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  11. As for the building of low-trail 650b randonneuring bicycles with integrated racks/fenders that plane -- I think anyone willing to put in the effort can build them, but there've been astonishingly few bikes anything like that ever made.

    Jan could give a better estimate if he's willing, but I don't thing many mid-to-high end examples have been built, best guess would be ~300 late-model Kogswell P/Rs, ~100 Rawland rSogns, ~100 NAHBSy American customs, ~200 Japanese customs, and ~600 historical French constructeur bikes.

    There's also thousands of french-market 650b Peugeots and the like sold, but most of those would have been sold as sturdy city bikes with guidonnet levers, not integrated randonneurs.

    The volumes go up quite a lot in 700c, but then you're counting a lot of bikes that just happen to fit Jan's preferred silhouette without having been specifically intended for a front load or anything.

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  12. Such distinctions say more about the perceptions of those who raise them than about actual reality. I can see a low-trail classic English bike by walking to the rack at work, where I lock it. Trail figures are not a national characteristic. Neither are certain basic forms of bike. The roadster and the lightweight have been ubiquitous in all Western countries. One can take the extreme, exceptional American balloon tire bike as evidence that bikes, at that time, no longer were very important for American adult sport or transport. However, it would be hard to make a case, based on sources, that purely superficial differences such as form of ladys' frames, or configuration of baggage, can be revealing about the history and cultural values of nations. Do you really think the mixte says something about French cultural values?

    A more likely explanation of the functionally slight or superficial differences you cite is to look for the influences of regionally dominant manufacturers, marketers, and bicycle news organs. In other words, look within bike cultures, and bike manufacturing economies, not at the broader cultures. Even then one must tread carefully. The more one knows about bike history, from books and historic journals, the more cautious he or she will be in applying national labels or origins for particular styles or technology. Reality is more fluid than common assumptions. Good lightweight bikes were made in America, in large numbers, before the 1920s. The omafiets looks like a 19th Century British lady's bike. The innovative French Bastide used Reynolds tubing and BSA parts. In the 1930s- 1950s you could have integrated lighting and custom racks on a British lightweight from multiple builders, or on an Italian roadster. It was not only the French who had these. From the 50s through the 70s there was some variation in typical baggage across the English Channel, but if you have a bicycle history book collection of sufficient depth, you see that earlier that was not the case, just as it is has not been for years since. Fancy lugs enjoyed brief popularity in Britain (late 30s to the mid-50s), but it was a short period bookended by predominance of plain lugs, while concurrently certain Italian builders working with plain lugs enjoyed good reputations and high prices in the UK.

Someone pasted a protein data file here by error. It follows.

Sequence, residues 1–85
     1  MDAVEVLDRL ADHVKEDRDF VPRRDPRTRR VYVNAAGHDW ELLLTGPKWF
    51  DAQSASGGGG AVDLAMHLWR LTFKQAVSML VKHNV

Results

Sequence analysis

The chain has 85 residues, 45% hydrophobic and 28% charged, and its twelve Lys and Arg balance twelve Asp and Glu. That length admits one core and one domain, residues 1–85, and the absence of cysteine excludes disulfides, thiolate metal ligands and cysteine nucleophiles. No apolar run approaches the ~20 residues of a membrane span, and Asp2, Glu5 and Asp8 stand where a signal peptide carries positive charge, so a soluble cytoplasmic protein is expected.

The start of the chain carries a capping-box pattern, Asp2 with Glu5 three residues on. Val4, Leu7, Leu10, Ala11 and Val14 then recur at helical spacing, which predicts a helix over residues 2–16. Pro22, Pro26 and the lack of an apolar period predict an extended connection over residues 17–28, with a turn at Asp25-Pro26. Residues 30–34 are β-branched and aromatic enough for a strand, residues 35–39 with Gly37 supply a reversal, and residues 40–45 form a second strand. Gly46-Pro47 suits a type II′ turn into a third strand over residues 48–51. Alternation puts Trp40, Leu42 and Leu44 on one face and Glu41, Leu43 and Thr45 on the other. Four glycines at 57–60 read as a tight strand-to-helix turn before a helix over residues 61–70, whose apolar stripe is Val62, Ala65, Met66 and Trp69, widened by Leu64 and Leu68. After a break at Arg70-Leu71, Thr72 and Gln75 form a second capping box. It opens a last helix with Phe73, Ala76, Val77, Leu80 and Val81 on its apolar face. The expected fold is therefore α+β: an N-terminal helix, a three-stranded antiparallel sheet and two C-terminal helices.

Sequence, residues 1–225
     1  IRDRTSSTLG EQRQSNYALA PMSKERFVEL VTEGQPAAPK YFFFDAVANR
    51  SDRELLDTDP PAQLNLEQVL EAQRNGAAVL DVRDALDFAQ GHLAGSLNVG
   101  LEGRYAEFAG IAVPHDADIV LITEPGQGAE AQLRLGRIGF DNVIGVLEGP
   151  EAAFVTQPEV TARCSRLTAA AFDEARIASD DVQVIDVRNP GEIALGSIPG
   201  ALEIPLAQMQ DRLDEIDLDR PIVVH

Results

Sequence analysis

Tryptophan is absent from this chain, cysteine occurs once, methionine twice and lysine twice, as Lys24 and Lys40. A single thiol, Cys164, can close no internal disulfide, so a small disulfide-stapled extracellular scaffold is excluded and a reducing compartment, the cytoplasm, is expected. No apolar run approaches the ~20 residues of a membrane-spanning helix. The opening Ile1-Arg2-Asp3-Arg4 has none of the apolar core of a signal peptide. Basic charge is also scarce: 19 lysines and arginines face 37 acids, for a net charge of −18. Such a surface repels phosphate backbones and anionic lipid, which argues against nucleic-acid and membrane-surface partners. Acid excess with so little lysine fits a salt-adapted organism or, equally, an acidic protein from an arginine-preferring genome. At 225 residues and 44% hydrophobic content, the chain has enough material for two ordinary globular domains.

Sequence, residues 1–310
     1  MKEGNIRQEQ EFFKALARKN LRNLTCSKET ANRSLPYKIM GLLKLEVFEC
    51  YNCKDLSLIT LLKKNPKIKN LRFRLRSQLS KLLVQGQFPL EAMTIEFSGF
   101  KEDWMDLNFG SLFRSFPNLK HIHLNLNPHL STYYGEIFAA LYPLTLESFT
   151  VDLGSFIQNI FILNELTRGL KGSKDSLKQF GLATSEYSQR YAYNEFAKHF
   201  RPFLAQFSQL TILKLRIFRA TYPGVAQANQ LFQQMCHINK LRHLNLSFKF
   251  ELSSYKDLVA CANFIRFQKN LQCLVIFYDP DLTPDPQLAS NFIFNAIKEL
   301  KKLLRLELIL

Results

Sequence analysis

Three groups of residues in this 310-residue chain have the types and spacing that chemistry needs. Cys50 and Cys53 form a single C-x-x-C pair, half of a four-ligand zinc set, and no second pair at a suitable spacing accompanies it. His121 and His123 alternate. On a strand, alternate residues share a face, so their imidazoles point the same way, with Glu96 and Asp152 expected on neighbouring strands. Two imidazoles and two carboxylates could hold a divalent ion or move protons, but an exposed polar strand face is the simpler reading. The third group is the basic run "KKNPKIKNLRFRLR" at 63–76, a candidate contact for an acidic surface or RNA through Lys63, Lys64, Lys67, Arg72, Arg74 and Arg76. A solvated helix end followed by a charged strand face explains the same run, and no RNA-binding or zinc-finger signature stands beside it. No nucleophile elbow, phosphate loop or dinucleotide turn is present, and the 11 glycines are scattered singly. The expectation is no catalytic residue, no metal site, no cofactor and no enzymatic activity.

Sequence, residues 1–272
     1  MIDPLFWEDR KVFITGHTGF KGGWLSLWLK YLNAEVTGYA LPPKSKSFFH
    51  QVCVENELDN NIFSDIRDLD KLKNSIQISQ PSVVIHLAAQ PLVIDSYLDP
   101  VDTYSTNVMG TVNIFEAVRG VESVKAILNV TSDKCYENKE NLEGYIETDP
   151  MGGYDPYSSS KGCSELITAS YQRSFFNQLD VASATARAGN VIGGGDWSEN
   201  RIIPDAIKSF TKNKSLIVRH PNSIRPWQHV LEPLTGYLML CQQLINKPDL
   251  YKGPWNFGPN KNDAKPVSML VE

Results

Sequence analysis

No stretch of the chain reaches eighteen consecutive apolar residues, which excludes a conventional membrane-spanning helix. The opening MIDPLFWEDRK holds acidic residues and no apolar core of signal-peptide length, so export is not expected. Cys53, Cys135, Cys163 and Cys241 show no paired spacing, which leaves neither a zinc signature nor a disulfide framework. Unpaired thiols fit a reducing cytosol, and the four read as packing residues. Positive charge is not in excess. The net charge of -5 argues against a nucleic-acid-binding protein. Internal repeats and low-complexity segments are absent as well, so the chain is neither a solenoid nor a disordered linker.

The French invented the boneshaker. The main driver of bike development from invention of the ordinary in the 1870s into the 1930s was Britain. As cars became commonplace, transport bikes stagnated and the bike as sporting article predominated. Thus Continental racing became the driver, with competing French and Italian developments until Campagnolo emerged dominant in the early Fifties. The Japanese took the lead in the Seventies. They and the Taiwanese manufacturers now dominate technological development in step with American product designers. In the roadster realm, American designers introduced hybrids (made in Asian factories), to which European bike marketers, and latterly American ones, added hub gears (often Shimano's). These bikes tell us a good deal about corporate manufacturing, but not much about any country's history and culture.

    Today few French riders, or even French randonneurs, use randonneur bikes in the classic French style. As popular as racing bikes are in Italy (on the weekends), the country is awash in roadsters. Touring bikes with canvas bags are considered very outdated in Britain and France, used by only a minority of riders. Dutch bikes work in Holland because it is flat, and are unpopular (which is not to say unused) everywhere else. Lightweight road bikes have a following there, too. The characteristic bike of America is the mountain bike (and its cousin the hybrid). The same now could be said of England, France, and most other places.